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    The 8 Limbs of Yoga explained

    Read about the 8 limbs of yoga according to the Yoga Sutras of Patanjali, which offer guidance into how to live a purposeful life.


    The 8 Limbs of Yoga explained

    The 8 Limbs of Yoga explained The Yoga Sutras of Patanjali refers to 8 limbs of yoga, each of which offers guidance on how to live a meaningful and purposeful life. Learn about each one and how to incorporate them into your practice.

    Facebook Twitter Pinterest WhatsApp by Emma Newlyn

    The word ‘yoga’ means to connect, unite or ‘yoke’. The thing we look to connect to is the true Self, also known as the ‘divine essence’, ‘ultimate self’, or atman. You might also think of this as the soul.

    If that way of thinking doesn’t resonate with you, then consider that the word yoga can also mean separation or disentanglement. The thing we’re disentangling from is whatever stops us from feeling free, as the ultimate goal of any yoga practice is to attain moksha, meaning liberation or freedom.

    So how does one go about attaining this freedom through yoga? Does it come at the cost of an expensive pair of yoga pants? Can you reach it by signing up to a detox retreat or finally touching your toes? Probably not…

    According to Patanjali’s Yoga Sutras, there is an eight-fold path leading to liberation, known as the ‘Ashtanga Yoga System’ or ‘Eight Limbs of Yoga’ (the word ‘ashta’ means ‘eight’ and ‘anga’ means ‘limb’).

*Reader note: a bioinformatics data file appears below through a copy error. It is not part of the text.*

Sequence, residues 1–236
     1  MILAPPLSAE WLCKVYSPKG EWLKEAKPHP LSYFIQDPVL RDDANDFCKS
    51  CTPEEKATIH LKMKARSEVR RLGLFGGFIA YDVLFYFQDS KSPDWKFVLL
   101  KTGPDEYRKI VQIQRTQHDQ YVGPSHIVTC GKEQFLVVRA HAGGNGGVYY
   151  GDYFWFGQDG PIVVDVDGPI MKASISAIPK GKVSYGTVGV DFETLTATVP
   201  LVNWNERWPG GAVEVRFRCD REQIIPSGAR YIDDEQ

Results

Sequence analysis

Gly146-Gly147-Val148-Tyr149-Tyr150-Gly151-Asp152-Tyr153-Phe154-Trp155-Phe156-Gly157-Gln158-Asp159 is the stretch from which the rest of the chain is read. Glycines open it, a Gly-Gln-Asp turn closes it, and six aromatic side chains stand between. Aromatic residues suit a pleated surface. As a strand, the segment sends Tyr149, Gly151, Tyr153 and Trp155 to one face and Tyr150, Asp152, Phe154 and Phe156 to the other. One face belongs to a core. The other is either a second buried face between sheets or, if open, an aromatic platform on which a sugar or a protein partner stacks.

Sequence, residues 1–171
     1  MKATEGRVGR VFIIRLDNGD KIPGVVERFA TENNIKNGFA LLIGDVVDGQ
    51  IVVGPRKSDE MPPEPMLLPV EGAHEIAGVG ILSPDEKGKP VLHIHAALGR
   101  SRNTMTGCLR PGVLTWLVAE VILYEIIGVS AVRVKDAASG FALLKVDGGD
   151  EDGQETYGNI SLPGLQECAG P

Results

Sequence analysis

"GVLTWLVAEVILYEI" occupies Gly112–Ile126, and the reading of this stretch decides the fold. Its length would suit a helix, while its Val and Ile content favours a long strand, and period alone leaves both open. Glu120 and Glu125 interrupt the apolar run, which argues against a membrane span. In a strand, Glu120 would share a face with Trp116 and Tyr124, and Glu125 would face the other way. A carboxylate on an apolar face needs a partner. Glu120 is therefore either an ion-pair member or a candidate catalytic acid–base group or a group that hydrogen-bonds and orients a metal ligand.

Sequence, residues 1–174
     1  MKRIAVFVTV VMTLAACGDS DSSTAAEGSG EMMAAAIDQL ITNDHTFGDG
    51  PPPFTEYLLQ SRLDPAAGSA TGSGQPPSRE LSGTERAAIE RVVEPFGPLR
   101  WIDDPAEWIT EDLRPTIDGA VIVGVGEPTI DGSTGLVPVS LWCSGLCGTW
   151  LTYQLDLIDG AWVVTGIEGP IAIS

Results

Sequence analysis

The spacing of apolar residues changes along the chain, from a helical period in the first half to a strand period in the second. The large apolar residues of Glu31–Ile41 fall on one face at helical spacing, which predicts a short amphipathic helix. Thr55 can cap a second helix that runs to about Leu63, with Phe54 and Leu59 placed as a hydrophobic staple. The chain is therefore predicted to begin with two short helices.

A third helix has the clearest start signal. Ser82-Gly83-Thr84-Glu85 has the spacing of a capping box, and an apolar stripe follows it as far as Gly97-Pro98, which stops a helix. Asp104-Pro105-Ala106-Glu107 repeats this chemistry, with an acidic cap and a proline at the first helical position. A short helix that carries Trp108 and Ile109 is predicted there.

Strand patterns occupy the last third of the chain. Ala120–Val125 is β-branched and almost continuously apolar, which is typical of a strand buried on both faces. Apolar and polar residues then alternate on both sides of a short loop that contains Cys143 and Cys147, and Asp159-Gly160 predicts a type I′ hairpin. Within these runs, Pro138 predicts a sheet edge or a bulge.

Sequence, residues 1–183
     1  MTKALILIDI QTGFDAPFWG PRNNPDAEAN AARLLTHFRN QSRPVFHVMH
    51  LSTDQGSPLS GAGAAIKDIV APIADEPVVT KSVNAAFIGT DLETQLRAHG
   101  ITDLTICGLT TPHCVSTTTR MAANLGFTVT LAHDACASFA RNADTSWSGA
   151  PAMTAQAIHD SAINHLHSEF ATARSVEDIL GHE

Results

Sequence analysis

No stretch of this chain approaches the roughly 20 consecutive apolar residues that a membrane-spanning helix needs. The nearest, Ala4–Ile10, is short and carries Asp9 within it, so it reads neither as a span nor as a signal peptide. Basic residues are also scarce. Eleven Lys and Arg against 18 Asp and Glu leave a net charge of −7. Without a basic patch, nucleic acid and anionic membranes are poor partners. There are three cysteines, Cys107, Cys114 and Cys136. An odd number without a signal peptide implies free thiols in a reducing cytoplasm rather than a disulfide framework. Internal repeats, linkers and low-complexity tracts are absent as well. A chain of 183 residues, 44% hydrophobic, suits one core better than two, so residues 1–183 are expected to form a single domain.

What are the 8 Limbs of Yoga?

    1. YAMA – Restraints, moral disciplines or moral vows

    2. NIYAMA – Positive duties or observances

    3. ASANA – Posture

    4. PRANAYAMA – Breathing Techniques

    5. PRATYAHARA – Sense withdrawal

    6. DHARANA – Focused Concentration

    7. DHYANA – Meditative Absorption

    8. SAMADHI – Bliss or Enlightenment

    The 8 Limbs of Yoga Program

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    1. YAMA – Restraints, moral disciplines or moral vows

    This first limb, Yama, refers to vows, disciplines or practices that are primarily concerned with the world around us, and our interaction with it. While the practice of yoga can indeed increase physical strength and flexibility and aid in calming the mind, what’s the point if we’re still rigid, weak and stressed-out in day-to-day life?

    There are five Yamas:

    Ahimsa (non-violence),

    Satya (truthfulness),